LAUREL COUNTY, Ky. —
Ramsey held several offices of importance, including Police Judge, Master Commissioner, and he briefly served in the Lower House of the Kentucky Legislature. In writing about Ramsey, Logan Ewell said: “Ramsey . . was a very capable lawyer of his day. He served as prosecuting attorney for this district for several years. He was a political orator of statewide fame and in the year 1890 was a delegate to the Constitutional Convention at which Convention he was selected by the members thereof to inscribe upon sheepskin parchment the Constitution adopted by this Convention. The pure Spenserian penmanship of W. R. Ramsey was scarcely to be equaled in all of Kentucky. It was absolutely legible, its formation symmetrical in highest degree, its shading or emphasis on the stroke of the pen requiring such were as well nigh perfect as could be.” This talent seems to have made Ramsey famous in his day, at least locally.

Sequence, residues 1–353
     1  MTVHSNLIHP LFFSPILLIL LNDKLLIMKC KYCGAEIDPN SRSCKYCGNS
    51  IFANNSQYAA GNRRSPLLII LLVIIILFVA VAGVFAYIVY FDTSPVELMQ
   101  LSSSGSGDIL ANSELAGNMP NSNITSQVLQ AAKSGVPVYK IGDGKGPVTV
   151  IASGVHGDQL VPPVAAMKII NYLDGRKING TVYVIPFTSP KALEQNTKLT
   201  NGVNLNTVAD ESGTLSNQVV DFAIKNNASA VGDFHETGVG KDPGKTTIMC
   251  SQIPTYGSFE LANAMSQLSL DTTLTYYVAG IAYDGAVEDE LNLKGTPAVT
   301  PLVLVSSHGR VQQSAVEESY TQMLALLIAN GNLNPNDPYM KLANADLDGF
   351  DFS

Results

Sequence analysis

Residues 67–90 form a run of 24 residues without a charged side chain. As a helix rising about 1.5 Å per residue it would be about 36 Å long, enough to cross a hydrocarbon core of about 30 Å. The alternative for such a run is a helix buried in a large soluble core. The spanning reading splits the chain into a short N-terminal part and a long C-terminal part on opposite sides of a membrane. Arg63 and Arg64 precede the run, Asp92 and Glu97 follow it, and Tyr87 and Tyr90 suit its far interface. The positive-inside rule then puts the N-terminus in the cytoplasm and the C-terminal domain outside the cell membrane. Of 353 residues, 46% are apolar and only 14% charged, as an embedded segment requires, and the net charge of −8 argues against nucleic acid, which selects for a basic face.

At one point, W. R. Ramsey shared office space with his physician brother, Dr. R. T. Ramsey. The doctor eventually moved to Colorado. More research needs to be done to see where W. R. Ramsey, II, ended his life. I do not find his death listed in the Laurel County Historical Society’s cemetery books and since I am traveling and cannot check some of the sources I usually have access to, I will have to do further research on that when I return home. If you know more about this family feel free to contact me at the email address below.
The Laurel County Historical Society is located at 310 W. 3rd St., London, (formerly the Laurel County Health Department). The library is open on Mondays and Wednesdays from 10 a.m. to 3 p.m., and on Saturdays from 9 a.m. until 12 noon. Visit the historical society’s website at www.laurelcountykyhistoticalsociety.org.